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AB Test Calculator


Group 1

Group 1 can't have a greater conversion rate than 100%. Group 1 can't have a greater conversion rate than 100%.

Group 2

Group 2 can't have a greater conversion rate than 100%. Group 2 can't have a greater conversion rate than 100%.

How to Use AB Test Calculator?

Follow the below steps to calculate the most significant 
sample space
  • Select the Confidence interval from the drop-down menu
  • Enter the sample size
  • Enter the number of possible results
  • Enter the conversion rate
  • Hit the “Calculate” button to check whether it is statistically significant or not.
  • Click on the “Show Steps” button to see the step-by-step solution
  • Click on the “reset” button to erase all inputs. 





AB Test Calculator


The AB test Calculator calculates the statistical significance of two sample spaces to find out whether the samples are statistically significant or not.


What is AB Test?


Statistical significance test in which two populations are related to checking if they differ significantly on a characteristic. it is basically a kind of Z-test. The objective of the AB test is to show that two proportions are not the same.


What is a Z-score?


A Z-score expresses a value's relationship to a group of values from the same distribution. The Z-score is calculated in the number of standard deviations from the group's mean. A higher Z-score means the value is more away from the distribution's mean.


Method of calculation:


  1. Determine their sample sizes (n1 and n2)
  2. Determine the number of positive results in each group (t1 and t2)
  3. Calculate the population's proportions using the formulas

                             p1 = t1 / n1 and p2 = t2 / n2

  1. Calculate the overall sample proportion

                             p = t1 + t2 / n1 + n2

  1. Calculate the Z-score

                         Z score formula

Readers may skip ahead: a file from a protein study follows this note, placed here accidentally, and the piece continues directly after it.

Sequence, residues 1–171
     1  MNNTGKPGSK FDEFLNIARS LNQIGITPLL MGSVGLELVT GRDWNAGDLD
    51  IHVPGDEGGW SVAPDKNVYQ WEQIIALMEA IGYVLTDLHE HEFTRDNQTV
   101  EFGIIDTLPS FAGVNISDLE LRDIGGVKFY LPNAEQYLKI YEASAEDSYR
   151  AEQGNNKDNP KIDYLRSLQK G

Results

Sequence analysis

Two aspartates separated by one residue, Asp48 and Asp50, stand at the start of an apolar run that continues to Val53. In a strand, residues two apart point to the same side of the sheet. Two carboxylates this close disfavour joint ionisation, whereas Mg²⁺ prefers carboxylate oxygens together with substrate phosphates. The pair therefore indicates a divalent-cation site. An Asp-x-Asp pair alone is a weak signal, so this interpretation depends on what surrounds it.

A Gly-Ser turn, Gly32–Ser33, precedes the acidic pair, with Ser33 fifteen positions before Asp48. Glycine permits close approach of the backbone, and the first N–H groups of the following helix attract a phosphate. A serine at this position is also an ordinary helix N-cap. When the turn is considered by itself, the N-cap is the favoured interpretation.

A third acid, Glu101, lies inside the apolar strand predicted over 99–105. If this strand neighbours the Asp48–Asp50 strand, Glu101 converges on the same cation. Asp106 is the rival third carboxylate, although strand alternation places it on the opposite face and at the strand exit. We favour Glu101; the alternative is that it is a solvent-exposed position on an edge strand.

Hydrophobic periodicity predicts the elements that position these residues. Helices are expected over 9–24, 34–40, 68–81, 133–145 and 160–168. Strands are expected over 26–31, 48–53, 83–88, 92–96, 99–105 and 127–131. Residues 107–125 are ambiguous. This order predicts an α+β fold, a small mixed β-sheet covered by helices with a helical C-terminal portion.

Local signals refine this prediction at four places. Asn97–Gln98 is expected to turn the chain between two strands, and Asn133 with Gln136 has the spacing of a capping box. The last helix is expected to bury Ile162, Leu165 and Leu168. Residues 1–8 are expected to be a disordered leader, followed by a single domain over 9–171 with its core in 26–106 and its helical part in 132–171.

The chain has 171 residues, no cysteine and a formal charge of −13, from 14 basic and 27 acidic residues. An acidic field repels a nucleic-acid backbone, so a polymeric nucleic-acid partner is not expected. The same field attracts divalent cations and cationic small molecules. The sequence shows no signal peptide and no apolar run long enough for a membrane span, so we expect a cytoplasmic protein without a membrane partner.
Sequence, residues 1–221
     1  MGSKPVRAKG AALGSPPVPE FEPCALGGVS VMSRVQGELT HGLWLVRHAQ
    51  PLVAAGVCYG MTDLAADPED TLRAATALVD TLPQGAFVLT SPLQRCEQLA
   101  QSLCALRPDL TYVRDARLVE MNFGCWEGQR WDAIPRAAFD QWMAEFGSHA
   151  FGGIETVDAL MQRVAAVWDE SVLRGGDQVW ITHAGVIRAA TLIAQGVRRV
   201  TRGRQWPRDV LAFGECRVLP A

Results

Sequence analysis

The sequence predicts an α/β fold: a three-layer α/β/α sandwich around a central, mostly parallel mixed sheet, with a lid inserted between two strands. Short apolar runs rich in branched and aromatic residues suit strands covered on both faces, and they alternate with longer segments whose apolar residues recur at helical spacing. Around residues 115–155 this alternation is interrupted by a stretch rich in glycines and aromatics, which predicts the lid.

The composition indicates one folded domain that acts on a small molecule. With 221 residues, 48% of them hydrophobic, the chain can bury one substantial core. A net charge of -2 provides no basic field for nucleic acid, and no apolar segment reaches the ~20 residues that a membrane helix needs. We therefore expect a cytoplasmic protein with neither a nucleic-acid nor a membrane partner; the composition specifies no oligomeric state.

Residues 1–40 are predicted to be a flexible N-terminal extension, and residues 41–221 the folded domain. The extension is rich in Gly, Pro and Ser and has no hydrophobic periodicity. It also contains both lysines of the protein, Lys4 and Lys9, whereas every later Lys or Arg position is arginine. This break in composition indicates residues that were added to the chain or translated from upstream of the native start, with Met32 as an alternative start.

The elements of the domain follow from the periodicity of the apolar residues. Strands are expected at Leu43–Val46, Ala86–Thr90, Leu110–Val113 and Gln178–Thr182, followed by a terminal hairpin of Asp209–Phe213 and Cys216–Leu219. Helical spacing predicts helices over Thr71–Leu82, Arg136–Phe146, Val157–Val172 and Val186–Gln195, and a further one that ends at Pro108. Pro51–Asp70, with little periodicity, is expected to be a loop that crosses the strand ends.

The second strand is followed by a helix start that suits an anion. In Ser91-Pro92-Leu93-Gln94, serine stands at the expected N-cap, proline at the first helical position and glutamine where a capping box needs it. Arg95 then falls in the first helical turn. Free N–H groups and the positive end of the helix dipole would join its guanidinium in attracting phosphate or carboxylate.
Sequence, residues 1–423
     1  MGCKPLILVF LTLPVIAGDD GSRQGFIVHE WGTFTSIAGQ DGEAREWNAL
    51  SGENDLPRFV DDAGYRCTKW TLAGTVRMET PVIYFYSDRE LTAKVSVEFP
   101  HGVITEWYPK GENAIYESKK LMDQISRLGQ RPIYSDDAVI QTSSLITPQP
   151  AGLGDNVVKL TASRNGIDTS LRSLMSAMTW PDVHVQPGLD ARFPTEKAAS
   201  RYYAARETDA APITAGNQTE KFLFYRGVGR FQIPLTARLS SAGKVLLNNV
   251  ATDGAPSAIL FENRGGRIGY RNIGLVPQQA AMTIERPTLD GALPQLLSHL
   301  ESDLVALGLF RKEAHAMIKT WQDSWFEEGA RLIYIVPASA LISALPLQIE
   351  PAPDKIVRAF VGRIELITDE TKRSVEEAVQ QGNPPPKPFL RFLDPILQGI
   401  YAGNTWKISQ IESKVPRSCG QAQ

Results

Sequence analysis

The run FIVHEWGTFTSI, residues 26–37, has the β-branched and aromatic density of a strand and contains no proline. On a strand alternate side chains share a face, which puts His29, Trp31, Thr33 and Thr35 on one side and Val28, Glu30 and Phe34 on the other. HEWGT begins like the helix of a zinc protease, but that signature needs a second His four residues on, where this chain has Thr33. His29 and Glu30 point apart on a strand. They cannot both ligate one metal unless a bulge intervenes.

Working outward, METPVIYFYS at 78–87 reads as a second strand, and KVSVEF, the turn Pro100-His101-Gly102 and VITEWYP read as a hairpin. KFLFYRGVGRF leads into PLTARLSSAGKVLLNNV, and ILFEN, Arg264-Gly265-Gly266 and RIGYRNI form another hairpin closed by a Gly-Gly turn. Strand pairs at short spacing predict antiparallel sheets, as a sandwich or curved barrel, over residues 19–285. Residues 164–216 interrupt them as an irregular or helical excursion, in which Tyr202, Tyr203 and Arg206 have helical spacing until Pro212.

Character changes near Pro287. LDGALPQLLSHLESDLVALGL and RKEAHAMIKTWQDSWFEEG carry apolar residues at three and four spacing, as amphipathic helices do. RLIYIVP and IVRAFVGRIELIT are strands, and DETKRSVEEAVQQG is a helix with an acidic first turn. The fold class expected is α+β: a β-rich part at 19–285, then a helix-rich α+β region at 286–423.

1. Compare the absolute values of the results. If the absolute value of the Z-score is greater than or equal to the absolute value of the alpha level’s Z-score then the samples are statistically significant.

Example section:


In this section, we have given the step-by-step calculation of the AB test.

Example 1:

Compare the following groups and find out whether these are statistically significant or not,

if the confidence interval is 90%

Group 1

Sample size = 40

No. of positive results = 2

Conversion rate = 5%

Group 2

Sample size = 12

No. of positive results = 5

Conversion rate = 41.7%

Solution:

Step 1: Extract the data

Sample size = n1 = 40

No. of positive results = t1 = 2

The conversion rate in percentage (%) = 5

Group 2

Sample size = n2 =12

No. of positive results = t2 = 5

The conversion rate in percentage (%) = 41.7

Step 2: Apply the formula

p1 = t1 / n1

p1 = 2 / 40

p1 = 0.05

p2 = t2 / n2

p2 = 5 / 12

p2 = 0.417

Step 3: Calculate “p”

p = t1+t2 / n1+n2

p= 2+5 / 40 + 12

p = 0.135

Step 4: Calculate the Z-score

Z-score = p1 - p2 / √{p * (1 - p) * (1/n1 + 1/n2)}

Z-score = 0.05 - 0.417 / √{0.135 * (1 – 0.135) * (1 / 40 + 1 / 12)}

Z-score = -3.263

Alpha level’s z-score = 1.645

Step 5: Comparison

For the comparison, compare the absolute value of both the Z-score and Alpha level’s Z-score.

The absolute value of Z-score = 3.263

Absolute value Alpha level’s z-score = 1.645

As the absolute value of “Z-score” is greater than the absolute value of “Alpha level’s z-score” the samples are “statistically significant”.

 


 References:


A/B testing statistics: An intuitive guide for non-mathematicians | Conversion Sciences.

A/B testing - A complete guide to statistical testing. | Towards Data Science.